A 2013 Rotman School of Management study published in the February Journal Of Finance found that mutual funds offering higher fees attract the most investments, particularly when the broker isn’t directly affiliated with the mutual fund. This is a common problem in the investment area. People have been programmed with years of marketing and advertising that more expensive things are inherently better. The old idiom: “You get what you pay for.” Holds true in many places, but as this study suggests, not for investments.
The study analyzed how the broker fees correlate into managed assets. Many studies focus on fees versus returns; this study uniquely correlated fees with the amount of assets under management. For each additional dollar that the broker makes, another six dollars comes under management. The amount of money under management per dollar of compensation to the broker spikes to $14 if the broker is an unaffiliated third party who works off of commissions.
This isn’t inherently bad. If paying a professional for investment advice yields higher returns, that’s a completely sensible thing to do. However, the study correlates unaffiliated brokers with significantly worse performance. The 2.3% average fee that they charge corresponds to a 1.13% reduction in annual performance. This is like them charging an additional percentage point on top of their 2.3% management fee. While it may seem relatively inconsequential, a 1% fee can account for up to a 17% reduction in final portfolio value.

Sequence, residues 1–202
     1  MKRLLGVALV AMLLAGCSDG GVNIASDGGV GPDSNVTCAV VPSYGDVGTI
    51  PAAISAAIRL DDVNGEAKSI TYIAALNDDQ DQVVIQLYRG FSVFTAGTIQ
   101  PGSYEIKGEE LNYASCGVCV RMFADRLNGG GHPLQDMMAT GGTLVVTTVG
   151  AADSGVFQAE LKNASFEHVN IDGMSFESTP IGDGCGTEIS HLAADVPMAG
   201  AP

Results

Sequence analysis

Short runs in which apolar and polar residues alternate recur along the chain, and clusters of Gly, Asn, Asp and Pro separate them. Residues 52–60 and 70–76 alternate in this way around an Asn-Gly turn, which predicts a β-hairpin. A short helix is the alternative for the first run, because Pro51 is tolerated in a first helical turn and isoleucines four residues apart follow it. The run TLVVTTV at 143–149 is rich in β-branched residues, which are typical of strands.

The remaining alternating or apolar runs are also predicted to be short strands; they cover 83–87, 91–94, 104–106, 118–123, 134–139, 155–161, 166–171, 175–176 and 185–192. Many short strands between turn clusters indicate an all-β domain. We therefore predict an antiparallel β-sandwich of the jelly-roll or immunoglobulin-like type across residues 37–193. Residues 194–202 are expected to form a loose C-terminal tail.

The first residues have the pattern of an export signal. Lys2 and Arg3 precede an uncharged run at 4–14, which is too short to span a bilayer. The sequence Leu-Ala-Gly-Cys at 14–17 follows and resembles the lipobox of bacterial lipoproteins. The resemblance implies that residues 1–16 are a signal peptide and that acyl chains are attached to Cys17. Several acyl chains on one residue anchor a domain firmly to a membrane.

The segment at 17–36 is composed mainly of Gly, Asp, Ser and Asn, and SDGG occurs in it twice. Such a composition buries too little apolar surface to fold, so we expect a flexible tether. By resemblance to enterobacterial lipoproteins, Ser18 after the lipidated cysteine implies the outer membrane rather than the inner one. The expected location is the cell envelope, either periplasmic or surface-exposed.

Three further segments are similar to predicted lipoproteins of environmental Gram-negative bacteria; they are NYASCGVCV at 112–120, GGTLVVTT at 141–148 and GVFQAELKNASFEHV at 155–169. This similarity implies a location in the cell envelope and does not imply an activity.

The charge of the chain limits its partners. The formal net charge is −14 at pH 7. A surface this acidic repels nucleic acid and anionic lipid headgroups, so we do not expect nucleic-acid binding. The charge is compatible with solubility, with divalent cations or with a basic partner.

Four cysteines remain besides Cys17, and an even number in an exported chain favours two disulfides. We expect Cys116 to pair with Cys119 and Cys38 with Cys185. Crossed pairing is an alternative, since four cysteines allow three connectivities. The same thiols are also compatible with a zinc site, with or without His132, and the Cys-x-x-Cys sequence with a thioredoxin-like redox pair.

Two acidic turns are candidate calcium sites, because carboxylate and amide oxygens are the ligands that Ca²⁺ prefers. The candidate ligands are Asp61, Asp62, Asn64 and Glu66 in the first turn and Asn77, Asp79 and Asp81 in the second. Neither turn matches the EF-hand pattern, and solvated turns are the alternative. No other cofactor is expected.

Susan Christoffersen, PhD and Associate Professor of Finance at the Rotman School of Managment says that the problem with brokers is their fees. Christoffersen isn’t sour on the idea of investing help.
“We’re not questioning, and our results are not implicating, the broker’s value added through asset allocation, and if you tell a novice investor to just choose between index funds by himself, he might suffer from the lack of a broker’s advice.” She says
Coauthor Rich Evans at the University of Virginia adds, “It may be difficult for a novice investor to decide on the best index funds and/or asset allocation without assistance.”
The problem is two fold, and any solution would need to solve both transparency and the bias. This is a challenging problem to solve when an entire industry was built around disclosing very little. Instead of suggesting reforms, coauthor David Musto at the Wharton School suggests empowerment:
“[The research suggests] an investor would benefit from understanding how their broker is paid since we see larger payments to the brokers associating with greater flows to the funds paying them.”
So the next time you’re writing a check to your financial advisor, ask yourself, “What is it I am really paying for?”
 ”Effect of a 1-Percentage Point in Higher Annual Fees on a $20,000 401(k) Balance Invested over 20 Years.” Page 2. Changes Needed to Provide 401(k) Plan Participants and the Department of Labor Better Information on Fees